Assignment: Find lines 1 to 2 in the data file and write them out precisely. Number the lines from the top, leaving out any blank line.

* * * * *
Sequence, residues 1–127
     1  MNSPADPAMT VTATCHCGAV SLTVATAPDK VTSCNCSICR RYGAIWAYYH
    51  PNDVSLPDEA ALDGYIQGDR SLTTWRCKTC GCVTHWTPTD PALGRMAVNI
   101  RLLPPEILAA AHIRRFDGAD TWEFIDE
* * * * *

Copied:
Sequence, residues 1–127
     1  MNSPADPAMT VTATCHCGAV SLTVATAPDK VTSCNCSICR RYGAIWAYYH